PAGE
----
To get the most out of your travels, plan at least a long weekend here. The best time to visit depends on your interests: Summer is prime season for hiking, mountain biking, and paddling the Rio Grande. Winter brings skiing, snowshoeing, and Christmas festivities unlike any other destination. If your interests vary, fall, and September in particular, is the most glorious time of year in the state. As high summer dips into Indian Summer, the weather is temperate statewide. Around nearly every corner, you can smell the enticing aroma green chile roasting at farm stands.
Many visitors time their trips to coincide with the Albuquerque International Balloon Fiesta, the first and second weekends of October. It’s a must-see festival, but if attending the festival isn’t your aim, avoid that week as prices are higher and attractions busier.
Summer and winter are high seasons. Late May through September, the city’s adjacent Sandia and Manzano Mountains become peak territory for outdoor adventures including hiking and mountain biking. In town, your calendar will fill quickly with outdoor concert series at Old Town Plaza, Civic Plaza, the ABQ BioPark Zoo, and Albuquerque Museum of Art and History, and visits to local growers markets.
October is a popular—and pricy—time for visit for the city’s biggest event and the largest hot-air balloon festival in the world: the Albuquerque International Balloon Fiesta. Come winter, the city’s Sandia Peak Ski Area provides downhill skiing on the backside of the Sandia Mountains. With variable snow, however, most skiers head north to Santa Fe or Taos for that single-minded pursuit. Albuquerque is a magical place to spend Christmas, with luminarias (paper bags with candles inside) illuminating Old Town on Christmas Eve.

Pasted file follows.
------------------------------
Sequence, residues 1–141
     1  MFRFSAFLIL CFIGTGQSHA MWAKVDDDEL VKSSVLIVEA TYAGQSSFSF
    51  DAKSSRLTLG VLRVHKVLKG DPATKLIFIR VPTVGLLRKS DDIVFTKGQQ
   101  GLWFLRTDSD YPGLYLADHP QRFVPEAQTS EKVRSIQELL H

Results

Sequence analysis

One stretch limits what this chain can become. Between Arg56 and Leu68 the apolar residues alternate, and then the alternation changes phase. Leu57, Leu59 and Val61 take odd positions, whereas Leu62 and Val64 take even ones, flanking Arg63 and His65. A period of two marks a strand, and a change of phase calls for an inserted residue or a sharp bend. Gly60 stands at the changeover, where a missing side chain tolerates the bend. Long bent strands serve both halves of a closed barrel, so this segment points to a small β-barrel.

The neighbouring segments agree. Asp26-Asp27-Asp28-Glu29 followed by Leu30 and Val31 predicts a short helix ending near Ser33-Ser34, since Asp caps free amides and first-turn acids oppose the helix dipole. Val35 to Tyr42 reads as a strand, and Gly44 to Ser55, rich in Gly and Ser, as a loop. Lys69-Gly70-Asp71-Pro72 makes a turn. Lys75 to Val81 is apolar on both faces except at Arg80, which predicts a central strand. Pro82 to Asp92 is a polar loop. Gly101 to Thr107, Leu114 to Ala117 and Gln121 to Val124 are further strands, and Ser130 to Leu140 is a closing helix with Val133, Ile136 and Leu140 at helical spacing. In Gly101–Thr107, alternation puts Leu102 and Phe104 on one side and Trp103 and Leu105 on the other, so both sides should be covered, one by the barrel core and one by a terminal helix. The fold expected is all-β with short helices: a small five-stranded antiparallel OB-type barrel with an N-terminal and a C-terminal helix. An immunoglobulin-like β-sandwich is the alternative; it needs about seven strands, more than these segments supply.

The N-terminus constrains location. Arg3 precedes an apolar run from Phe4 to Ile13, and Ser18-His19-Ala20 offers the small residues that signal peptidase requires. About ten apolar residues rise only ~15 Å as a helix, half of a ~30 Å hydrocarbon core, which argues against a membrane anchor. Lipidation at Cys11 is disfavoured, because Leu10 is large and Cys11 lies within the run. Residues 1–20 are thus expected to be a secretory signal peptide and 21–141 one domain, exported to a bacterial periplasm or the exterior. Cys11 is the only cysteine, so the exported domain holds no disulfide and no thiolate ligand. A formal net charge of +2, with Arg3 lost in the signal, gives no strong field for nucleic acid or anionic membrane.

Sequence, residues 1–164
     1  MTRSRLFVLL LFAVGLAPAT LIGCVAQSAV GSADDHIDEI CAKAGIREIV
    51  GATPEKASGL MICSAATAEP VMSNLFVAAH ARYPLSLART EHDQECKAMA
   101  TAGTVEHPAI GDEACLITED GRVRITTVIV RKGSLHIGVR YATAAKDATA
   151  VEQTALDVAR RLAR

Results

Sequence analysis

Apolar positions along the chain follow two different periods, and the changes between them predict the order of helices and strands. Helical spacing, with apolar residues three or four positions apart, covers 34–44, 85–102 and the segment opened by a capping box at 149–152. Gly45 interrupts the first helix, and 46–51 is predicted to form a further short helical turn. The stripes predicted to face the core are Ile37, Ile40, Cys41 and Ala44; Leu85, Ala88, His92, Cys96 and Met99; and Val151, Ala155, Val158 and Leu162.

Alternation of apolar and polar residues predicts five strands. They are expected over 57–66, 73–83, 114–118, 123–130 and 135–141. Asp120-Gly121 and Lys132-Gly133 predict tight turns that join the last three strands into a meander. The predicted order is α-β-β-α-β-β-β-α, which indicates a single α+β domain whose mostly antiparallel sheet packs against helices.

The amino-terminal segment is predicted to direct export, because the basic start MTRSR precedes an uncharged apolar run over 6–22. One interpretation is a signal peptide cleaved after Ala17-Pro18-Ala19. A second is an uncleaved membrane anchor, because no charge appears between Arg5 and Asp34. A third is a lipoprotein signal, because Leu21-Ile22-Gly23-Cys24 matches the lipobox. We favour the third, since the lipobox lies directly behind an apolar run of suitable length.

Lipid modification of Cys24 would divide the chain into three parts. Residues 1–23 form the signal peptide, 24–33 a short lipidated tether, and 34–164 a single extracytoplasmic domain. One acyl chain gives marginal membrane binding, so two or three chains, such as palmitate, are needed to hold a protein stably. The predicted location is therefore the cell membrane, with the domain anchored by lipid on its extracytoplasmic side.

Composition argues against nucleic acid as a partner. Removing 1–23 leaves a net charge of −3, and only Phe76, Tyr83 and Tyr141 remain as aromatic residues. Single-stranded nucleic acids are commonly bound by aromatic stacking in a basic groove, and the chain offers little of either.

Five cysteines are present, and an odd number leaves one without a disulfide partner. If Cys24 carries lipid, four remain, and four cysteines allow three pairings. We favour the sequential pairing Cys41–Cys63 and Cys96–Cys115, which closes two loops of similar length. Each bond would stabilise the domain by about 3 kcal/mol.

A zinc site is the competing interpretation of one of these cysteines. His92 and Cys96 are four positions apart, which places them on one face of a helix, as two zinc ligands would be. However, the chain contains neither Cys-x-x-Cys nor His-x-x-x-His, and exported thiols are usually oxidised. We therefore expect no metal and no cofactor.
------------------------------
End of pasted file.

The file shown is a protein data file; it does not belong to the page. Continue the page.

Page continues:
Visitors often mistakenly believe New Mexico, and Albuquerque, has a perennially warm climate. The city receives several inches of snow each year. Winter temperatures can dip in to the teens during winter evenings and only reach the mid-forties Fahrenheit during the day.
The seasons, however, tend to be mild and arid. The state receives relatively light precipitation, most frequently via summer rainstorms and winter storms. It receives abundant sunshine with most of the state receiving blue skies 300 days of the year—some places rack up as many as 360 sunny days annually.
Summer temperatures can exceed 100 degrees Fahrenheit. Blustery spring winds can make that season feel colder than the thermostat observes.
Local Events include:
First Week of March: National Fiery Foods and Barbecue Show
Mid-April: Fiestas de Albuquerque
Memorial Day Weekend (last Monday of May): Albuquerque Wine Festival
Mid-June: Festival Flamenco Internacional de Alburquerque
Mid-July: Route 66 Summerfest
September (first and second weeks): New Mexico State Fair
Last Weekend of September: Globalquerque world music festival
First Though Second Weekends in October: Albuquerque International Balloon Fiesta
National Holidays include:
January (1st): New Year’s Day
January (third Monday): Martin Luther King Day
February (third Monday): Washington’s Birthday
May (last Monday): Memorial Day
July (4th): Independence Day
September (first Monday): Labor Day
October (second Monday): Columbus Day (aka Native American Day)